Re-opening Kenyan Sports: The way forward for cricket

Over the course of the current series of posts, I will be looking at the situation of various Kenyan Sports, as the nation attempts to move forward in the wake of the global covid-pandemic.

In the last post I looked at the situation in football, this post will look at cricket. This is the most historically successful sport in Kenya, and one I have written a great deal about on this blog.

The Big picture
While as most other sports mostly have only the covid-19 pandemic to worry about, there is no shortage to the number of crises, or rather the scope of the existential crisis, gripping the game of cricket right now.

Lack of legitimate leadership at the top, wrangles between virtually all stakeholders of the game, lack of a development program, and dwindling player numbers means that the sport has a lot to contend with to survive the pandemic, or even grow in the aftermath.

The Domestic game
Ordinarily local cricket clubs participate in regional 50 over, 40 overs and T20 competions at the regional leval from March through to December. This is a bit of a hold-over from the traditional ‘English cricketing summer.’ The most vibrant competitions were based in the Nairobi and Mombasa region, with Rift Valley also at times putting together competitions for teams based around Nakuru.

So far it is not clear how what will become of these competitions, until the Kenyan government’s task force on sports concludes its work and give a way forward.

Thomas Odoyo in action in a Mombasa NIC bank sponsored competition (Source: The Standard)

National teams
At the global level, the men and women’s national teams were in the process of attempting to qualify for the next 2020 World Cup, when all cricket was suspended due to the covid-19 pandemic. The men’s 2020 world Cup has been pushed forward a year, and the global qualifying tournament suspended until further notice. Kenya was also scheduled to participate in the now postponed Africa T20 Cup midway through this year.
Though the International Cricket Council has since published guidelines for playing cricket in a ’socially distanced manner, the Africa Cricket Association has yet to give direction on how, or when the Africa T20 Cup tournament might possibly be re-scheduled.

There has also not been any communication of ne dates for pending qualifying tournaments that Kenya is scheduled to participate in for the foreseeable future

Off the field
Even before government regulations suspended cricket, as part of the suspension of public gatherings, the management structure of the game was on the brink of collapse. Elections for the top management board of Cricket Kenya failed, a draft constitution, meant to break the deadlock at the top management of Cricket Kenya was trashed literally days after it was released. Since then there does not seem to be much of an appetite for reconciliation who knows when or how the deadlock will be broken?

Re-opening Kenyan Sports: The Way forward for Football

Over the course of the next few posts I will be reporting on the current state of play concerning Kenyan sports, in the wake of the Covid-19 pandemic. I will be looking at how each sport has been affected, what is being done to mitigate plans to restart, and possibly what the new normal will look like. This first post will look at the football, the people’s sport.

The overall picture

When the Covid-19 pandemic reached Kenya, the government was quick to cancel public gatherings of more than 15 people. Football Kenya Federation, following from that cue then suspended and then curtailed football leagues all over the country. This also resulted in the indefinite suspension of all scheduled National team matches that were scheduled to be held in Kenya across all national teams.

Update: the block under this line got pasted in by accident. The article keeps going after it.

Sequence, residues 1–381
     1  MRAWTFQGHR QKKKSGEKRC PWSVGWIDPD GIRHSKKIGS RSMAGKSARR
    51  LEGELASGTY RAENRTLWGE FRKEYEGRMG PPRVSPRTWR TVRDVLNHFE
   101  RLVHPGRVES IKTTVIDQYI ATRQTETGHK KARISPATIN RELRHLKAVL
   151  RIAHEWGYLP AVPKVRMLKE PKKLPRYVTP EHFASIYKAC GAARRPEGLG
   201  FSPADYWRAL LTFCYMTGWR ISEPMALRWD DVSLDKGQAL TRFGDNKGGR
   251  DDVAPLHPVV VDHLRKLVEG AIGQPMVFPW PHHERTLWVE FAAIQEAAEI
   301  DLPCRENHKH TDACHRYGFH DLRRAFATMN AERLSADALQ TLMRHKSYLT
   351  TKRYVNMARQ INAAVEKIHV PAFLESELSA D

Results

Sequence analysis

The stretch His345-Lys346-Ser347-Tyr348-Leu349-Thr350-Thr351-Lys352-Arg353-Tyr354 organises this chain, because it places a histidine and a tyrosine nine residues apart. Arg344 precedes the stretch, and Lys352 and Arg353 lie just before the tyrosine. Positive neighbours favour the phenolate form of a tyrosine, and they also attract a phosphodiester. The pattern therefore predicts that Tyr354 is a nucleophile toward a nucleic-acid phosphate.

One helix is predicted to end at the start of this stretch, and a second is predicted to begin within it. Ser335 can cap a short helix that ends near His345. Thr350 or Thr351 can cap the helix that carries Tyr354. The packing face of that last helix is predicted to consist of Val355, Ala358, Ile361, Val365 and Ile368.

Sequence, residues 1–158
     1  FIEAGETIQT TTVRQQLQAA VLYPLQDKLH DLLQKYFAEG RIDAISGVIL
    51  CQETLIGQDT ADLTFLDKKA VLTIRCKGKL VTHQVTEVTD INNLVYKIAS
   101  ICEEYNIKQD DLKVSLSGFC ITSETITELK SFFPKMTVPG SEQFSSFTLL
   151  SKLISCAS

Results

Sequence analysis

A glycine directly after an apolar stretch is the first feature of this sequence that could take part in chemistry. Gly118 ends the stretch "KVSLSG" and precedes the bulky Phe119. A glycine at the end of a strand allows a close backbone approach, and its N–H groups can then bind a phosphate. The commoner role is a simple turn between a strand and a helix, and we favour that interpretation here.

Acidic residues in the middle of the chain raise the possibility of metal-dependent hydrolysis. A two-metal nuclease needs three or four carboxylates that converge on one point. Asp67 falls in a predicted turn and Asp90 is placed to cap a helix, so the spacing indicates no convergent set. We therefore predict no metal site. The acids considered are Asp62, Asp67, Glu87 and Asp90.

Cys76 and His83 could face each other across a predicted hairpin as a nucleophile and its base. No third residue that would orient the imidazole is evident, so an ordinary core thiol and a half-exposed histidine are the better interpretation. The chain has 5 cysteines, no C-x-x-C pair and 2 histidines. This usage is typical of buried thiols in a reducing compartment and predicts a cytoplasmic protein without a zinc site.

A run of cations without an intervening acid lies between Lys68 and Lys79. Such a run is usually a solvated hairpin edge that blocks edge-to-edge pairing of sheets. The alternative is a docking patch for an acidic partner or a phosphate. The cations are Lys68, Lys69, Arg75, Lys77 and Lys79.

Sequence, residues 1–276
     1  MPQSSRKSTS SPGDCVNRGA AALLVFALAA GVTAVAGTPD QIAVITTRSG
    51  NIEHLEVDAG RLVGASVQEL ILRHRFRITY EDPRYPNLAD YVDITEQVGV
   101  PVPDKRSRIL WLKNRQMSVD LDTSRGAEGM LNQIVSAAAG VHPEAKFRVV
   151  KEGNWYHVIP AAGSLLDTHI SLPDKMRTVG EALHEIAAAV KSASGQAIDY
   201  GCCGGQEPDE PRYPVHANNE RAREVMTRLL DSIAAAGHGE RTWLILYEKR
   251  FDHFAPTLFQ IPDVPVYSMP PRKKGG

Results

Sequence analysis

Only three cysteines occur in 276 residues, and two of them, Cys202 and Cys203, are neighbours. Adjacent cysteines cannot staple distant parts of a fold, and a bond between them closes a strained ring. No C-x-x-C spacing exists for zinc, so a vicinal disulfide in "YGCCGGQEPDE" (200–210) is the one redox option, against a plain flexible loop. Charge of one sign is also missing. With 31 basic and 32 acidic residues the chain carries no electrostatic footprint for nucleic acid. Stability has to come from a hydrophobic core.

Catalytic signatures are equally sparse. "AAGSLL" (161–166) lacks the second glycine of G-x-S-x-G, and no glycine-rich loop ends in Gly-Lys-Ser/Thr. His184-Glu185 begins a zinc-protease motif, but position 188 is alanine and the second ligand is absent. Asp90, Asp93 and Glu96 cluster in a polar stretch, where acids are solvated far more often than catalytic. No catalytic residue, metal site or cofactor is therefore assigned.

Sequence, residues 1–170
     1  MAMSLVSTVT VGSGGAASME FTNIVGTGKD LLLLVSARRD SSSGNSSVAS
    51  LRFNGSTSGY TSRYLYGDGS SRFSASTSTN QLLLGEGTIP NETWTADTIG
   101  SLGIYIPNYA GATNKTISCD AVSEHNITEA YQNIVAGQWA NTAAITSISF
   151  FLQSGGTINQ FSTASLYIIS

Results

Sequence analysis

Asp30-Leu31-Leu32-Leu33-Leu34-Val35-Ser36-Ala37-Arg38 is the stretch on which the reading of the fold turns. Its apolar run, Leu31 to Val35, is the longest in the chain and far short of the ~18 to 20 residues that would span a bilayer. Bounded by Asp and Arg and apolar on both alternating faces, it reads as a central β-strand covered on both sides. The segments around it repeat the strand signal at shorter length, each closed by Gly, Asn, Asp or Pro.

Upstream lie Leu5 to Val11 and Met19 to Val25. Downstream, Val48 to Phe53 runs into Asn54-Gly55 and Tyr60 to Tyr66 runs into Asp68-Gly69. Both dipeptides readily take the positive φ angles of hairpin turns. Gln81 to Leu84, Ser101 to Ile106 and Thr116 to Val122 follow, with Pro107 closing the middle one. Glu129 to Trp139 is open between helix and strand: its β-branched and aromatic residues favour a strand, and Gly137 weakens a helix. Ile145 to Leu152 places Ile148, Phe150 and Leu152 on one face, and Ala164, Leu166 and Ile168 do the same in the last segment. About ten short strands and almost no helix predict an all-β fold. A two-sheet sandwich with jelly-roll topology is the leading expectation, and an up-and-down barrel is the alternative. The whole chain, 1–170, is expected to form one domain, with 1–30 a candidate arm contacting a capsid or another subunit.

Local leagues
Because the curtailment decision appears to have been taken of the heads of the Kenya Premier league Board, there is a case before the Sports Dispute Tribunal challenging its legality. The decision of the tribunal is expected at the end of this month.

Players from Tusker FC and AFC Leopards in action (Source:

At this point in time, with restrictions on public gatherings of various kinds still in force, FKF has a tentative resumption schedule of October for football leagues, with a 12 week transfer window leading up to November 2nd, for teams to reorganize and strengthen their teams. At this point in time, these plans are only tentative though, The Ministry of Sports has only spoken about re-starting ‘non-contact’ sports, with a task force currently their primary concern.

Even before this transfer window was opened, several clubs have already started to shake up their playing squads. KCB FC released 10 players, Gor Mahia lost three squad members to Wazito FC, and Tanzanian club Azam FC. They have signed Levis Opiyo (a goalie) from Nairobi City Stars)
The new league will proceed with a new corporate sponsor (Nigeria’s BetKing), and will see some 1.2 billion shillings, over the course of 5 years invested into the league.

Harambee Stars

As for the national teams, CAF has postponed the Africa Cup of Nations men’s edition to 2021, and cancelled the women’s edition altogether, in favour of a women’s club champions league. Harambee Stars, like most other men’s teams, had 4 qualifying matches pending to qualify for tej Cup of nations, and it remains to be seen how these will (if at all) be re-scheduled

Off the field

While so much attention is directed to the pandemic, it is easy to forget that the FKF is now almost a year overdue national elections. When the pandemic struck, there was an ongoing dispute over the nullification of national polls by the Sports Dispute Tribunal. The latest developments are that the FKF Electoral Board will publish a roadmap on August 11, to break the impasse. Whether stakeholders are willing to run with it remains to be seen.